The forests in Slovakian mountains are considered by many to be the landscape least impacted by humans in Central Europe, in the last two decades. This is not true anymore. This part of Slovakian natural heritage is gone.
Please also read: Slovakian forests under threat
Slovakia is facing the worst ecological disaster in its history. The European Commission has given this country two more months before it steps in. Slovakia has one weeks remaining before this ultimatum. If Slovakia does not stop destroying the last remnants of its natural forests in Europe by March of this year, the European Commission will refer the case to the Court of Justice of the European Union. There is a threat of extraordinary fines.
The sad news is that the sanctions from the European Commission will not restore the old-growth forests and natural forests that have been lost from the Slovakian Mountains and protected areas. Ongoing logging, approved or ignored by political leaders, is already threatening not only the disappearing capercaillie, but above all it is threatening the people. For example they lose water-quality, natural biodiversity or the old-growth forests inherited from great-grandparents.
Forestry is an industry which was once considered an example of a sustainable activity. Forests were growing naturally and spontaneously. The role of the forest managers was to maintain forest continuity whilst simultaneously producing timber for society. Because of this process, the logging was interpreted as an important management tool for how to maintain sustainability in the forest.
Currently this model of sustainable forestry is under serious threat. Many people visiting Slovakian mountains are asking the question: how is it possible that areas protected under national and international legislation, are being logged? Slovakian National Parks, Natura 2000 sites, many areas that focus on nature conservation, do not have the protection they need.
Why it is important not to log
There are several reasons why not. Looking at this issue from the legislative perspective, logging is not compatible with the primary purpose of protected areas – to protect nature! Logging leads to a massive loss in biodiversity. From the sustainable use perspective, large scale logging effectively means depriving our children of forests in the future. And ecologically, the current scale of logging is alarming as it accelerates global warming.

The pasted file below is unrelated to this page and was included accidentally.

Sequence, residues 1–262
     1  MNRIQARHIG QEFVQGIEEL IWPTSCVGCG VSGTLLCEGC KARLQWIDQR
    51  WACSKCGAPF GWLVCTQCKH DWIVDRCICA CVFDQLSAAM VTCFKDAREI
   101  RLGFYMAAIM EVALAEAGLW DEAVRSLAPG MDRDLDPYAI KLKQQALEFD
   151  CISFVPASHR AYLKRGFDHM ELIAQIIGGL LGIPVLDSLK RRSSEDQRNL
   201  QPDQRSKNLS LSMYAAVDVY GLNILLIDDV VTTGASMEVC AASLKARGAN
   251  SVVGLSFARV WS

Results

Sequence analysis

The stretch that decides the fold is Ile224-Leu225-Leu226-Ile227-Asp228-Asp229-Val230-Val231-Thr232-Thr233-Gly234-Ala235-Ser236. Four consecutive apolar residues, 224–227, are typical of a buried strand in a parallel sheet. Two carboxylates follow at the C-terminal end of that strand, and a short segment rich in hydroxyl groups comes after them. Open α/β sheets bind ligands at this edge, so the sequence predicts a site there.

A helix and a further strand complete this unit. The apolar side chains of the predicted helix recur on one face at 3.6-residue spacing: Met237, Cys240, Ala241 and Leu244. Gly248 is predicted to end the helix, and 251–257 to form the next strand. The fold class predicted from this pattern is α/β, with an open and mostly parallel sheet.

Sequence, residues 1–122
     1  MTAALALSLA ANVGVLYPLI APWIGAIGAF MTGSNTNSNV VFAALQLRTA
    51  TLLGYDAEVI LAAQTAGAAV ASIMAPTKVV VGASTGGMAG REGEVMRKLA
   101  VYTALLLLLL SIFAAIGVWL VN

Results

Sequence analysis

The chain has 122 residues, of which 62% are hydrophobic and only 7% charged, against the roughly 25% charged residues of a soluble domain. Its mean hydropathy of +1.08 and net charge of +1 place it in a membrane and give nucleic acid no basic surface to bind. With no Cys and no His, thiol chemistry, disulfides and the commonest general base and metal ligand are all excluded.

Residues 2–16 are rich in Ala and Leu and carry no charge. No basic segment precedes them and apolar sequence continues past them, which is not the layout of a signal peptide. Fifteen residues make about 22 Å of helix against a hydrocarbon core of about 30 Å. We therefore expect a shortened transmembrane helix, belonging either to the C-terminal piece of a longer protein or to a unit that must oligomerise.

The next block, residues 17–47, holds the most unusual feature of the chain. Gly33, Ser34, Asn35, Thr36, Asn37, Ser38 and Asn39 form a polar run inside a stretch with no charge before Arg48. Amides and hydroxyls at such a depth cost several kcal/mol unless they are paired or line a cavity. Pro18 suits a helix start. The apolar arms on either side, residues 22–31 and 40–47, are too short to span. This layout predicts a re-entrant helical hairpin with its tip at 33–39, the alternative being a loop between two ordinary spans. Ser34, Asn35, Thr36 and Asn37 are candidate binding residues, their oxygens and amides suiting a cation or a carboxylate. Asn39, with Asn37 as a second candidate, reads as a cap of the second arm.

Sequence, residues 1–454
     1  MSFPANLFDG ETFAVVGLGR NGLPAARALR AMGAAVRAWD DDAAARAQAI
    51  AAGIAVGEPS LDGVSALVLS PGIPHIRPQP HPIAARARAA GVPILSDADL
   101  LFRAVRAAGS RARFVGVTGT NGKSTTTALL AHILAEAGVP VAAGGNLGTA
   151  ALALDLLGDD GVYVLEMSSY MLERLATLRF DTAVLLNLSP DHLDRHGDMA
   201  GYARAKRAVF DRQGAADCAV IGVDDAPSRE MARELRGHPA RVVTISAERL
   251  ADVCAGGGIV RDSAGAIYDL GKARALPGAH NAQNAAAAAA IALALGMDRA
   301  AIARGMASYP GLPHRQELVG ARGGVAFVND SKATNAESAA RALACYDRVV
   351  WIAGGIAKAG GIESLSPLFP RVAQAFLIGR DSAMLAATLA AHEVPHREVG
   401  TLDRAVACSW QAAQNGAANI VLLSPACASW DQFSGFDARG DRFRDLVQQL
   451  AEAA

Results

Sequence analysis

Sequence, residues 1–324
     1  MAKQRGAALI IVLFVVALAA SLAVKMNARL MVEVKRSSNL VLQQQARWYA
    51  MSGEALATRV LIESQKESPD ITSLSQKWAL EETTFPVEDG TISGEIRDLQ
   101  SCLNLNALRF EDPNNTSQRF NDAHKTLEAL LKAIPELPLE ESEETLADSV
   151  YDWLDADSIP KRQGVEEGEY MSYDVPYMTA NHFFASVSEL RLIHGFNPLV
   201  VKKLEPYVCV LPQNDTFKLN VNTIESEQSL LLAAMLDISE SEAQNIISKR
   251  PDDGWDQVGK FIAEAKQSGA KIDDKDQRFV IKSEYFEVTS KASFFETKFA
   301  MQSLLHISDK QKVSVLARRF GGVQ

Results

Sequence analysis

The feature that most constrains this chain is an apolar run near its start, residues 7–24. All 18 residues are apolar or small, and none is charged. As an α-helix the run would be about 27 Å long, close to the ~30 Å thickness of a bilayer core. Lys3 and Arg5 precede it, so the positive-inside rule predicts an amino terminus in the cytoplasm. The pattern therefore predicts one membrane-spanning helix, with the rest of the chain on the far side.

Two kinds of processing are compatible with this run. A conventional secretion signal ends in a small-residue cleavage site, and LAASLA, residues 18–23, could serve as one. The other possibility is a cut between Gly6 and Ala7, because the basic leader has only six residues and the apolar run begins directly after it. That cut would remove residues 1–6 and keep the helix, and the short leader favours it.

Clearcuts in protected areas
Forest in Slovakian protected areas is managed by the Ministry of Environment and the Ministry of Agriculture and Rural Development. Two contradictory laws applied – Environmental law and Forestry law and that cause chaotic situation. Forestry law is often contradictory also to Natura 2000 legislative and overriding either Environmental law or European Union legislation. Result is the salvage logging in protected areas and planting of unnatural “forest”. Slovakian foresters often claims, that they are protecting forests from bark beetle, but the way they do is suppressing natural dynamics and postponing regeneration of natural forests.
The result is that currently a large part of many protected areas is clearcut. Walking in these protected areas is often like walking through land recovering from war. Overturned land and mud runs into the channels left by forest tractors after logging. There is dirt, oil spills and massive erosion. It is something that should not happen in protected areas.
Loss of potential Wilderness
The current intensity of logging inside Slovakian Protected Areas is unprecedented. Logging today is more intensive than in the 18th century, which is a time when the majority of forest in Slovakia disappeared because of a huge need for timber and land for agriculture. Forests which spontaneously restored in the last 200 years, which could fall into the criteria for high-quality European Wilderness, is disappearing. Slovakia, recently very proud for its extensive network of protected areas, has less and less chance to contribute to the European Wilderness Network.